Community, domain, practice: facilitator catch cry for revitalising learning and teaching through communities of practice

McDonald, Jacquie (2012) Community, domain, practice: facilitator catch cry for revitalising learning and teaching through communities of practice. Project Report. Australian Learning and Teaching Council , Sydney, Australia. [Report]

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This Australian Learning and Teaching Council (ALTC) Teaching Fellowship 'Community, Domain, Practice: Facilitator catch cry for revitalising learning and teaching through communities of practice' contributes to ALTC's aim to advance learning and teaching in higher education through a program of activities designed to build the capacity of Facilitators of Communities of Practice at the University of Southern Queensland. Communities of practice (CoPs) are cited in higher education literature and ALTC applications as a successful way of building and sharing a scholarly approach to enhancing learning and teaching practice. This fellowship builds on the Teaching Fellow, Associate Professor Jacquie McDonald's, CoP leadership role at the University of Southern Queensland (USQ), where the first CoP started in 2006 to provide a space for academic staff to build a community, increase their knowledge and share learning and teaching practice.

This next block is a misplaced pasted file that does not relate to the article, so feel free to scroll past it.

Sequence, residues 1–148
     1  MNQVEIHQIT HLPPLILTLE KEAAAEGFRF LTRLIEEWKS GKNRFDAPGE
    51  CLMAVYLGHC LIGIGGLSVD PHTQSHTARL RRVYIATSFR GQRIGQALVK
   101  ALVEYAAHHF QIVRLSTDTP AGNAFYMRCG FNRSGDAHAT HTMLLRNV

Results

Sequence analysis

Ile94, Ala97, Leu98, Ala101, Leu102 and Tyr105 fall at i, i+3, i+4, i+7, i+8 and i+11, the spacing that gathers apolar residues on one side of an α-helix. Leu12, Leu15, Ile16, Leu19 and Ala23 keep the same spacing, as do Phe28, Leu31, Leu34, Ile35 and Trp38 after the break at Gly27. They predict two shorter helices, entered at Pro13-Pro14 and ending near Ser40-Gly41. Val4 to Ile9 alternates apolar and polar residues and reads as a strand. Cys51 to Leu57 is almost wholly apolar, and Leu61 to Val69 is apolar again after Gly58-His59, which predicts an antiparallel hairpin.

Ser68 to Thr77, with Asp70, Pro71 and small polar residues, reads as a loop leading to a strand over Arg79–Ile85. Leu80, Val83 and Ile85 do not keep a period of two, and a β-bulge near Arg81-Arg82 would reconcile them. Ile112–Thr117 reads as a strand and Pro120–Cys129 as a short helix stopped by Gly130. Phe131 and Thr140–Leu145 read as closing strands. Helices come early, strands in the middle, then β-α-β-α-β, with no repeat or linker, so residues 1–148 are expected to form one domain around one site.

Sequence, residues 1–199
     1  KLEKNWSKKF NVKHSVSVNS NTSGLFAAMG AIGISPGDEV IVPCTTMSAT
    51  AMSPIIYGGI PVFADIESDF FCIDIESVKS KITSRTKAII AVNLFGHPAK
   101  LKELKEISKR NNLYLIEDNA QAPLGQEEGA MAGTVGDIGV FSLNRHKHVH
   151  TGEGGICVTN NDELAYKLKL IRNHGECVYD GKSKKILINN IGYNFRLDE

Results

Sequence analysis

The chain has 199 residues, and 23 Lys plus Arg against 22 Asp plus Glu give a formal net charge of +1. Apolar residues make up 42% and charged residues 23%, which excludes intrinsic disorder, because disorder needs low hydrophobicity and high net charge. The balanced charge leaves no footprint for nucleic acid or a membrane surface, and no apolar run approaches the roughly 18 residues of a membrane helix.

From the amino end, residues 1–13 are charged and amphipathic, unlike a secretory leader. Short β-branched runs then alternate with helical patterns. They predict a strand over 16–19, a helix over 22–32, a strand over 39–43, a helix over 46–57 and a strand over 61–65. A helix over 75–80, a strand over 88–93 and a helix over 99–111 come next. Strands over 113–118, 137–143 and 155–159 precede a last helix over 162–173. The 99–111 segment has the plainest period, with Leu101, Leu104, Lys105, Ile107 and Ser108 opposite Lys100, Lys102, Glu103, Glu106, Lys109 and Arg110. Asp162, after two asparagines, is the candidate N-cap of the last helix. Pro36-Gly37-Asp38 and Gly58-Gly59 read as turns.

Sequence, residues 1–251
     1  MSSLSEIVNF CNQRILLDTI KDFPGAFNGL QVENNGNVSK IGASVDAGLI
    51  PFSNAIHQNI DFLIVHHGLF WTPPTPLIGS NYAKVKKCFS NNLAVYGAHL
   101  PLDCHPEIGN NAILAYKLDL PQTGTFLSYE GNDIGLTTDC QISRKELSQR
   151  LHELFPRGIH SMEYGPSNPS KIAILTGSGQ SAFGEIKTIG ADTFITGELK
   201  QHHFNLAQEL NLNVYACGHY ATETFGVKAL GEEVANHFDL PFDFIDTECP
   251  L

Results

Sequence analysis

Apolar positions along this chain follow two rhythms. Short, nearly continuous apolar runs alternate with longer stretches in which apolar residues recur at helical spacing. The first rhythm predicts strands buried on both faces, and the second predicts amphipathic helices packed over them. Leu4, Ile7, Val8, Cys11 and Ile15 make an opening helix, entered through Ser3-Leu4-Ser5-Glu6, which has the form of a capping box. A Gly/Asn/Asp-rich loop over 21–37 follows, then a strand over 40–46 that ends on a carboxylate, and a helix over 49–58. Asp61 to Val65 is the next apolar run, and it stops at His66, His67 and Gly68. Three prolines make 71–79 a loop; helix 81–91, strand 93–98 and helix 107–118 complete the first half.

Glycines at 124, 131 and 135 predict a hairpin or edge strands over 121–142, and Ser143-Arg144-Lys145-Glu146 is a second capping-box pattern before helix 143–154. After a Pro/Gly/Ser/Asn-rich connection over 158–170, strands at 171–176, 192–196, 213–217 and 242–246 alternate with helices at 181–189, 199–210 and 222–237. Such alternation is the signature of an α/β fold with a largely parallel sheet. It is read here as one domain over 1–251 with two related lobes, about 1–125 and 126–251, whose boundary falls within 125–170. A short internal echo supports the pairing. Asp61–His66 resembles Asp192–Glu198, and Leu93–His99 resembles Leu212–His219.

Wenger, McDermott and Snyder (2002) describe communities of practice as:
Groups of people who share a concern, a set of problems, or a passion about a topic, and who deepen their knowledge and expertise in this area by interacting on an ongoing basis. Over time... [t]hey become a community of practice (pp. 4-5).

CoPs operate differently from institutionalised higher education work groups, as they are located in the immediate practice field, usually membership is voluntary, and the agenda and outcomes are member driven. The CoP Facilitator role differs from the familiar chairperson roles, so investigation of the complexity and different aspects of the role and development of activities and resources to support and grow the Facilitator role were the focus of the Fellowship. CoPs epitomise distributed leadership (Jones, Lefoe, Harvey & Ryland, 2012), and investigation of, and capacity building of leadership within CoPs contributes to this ALTC priority area.

Aims and deliverables

The Fellowship was designed to build on USQ CoP Facilitators and the Teaching Fellow's knowledge of USQ CoP processes to: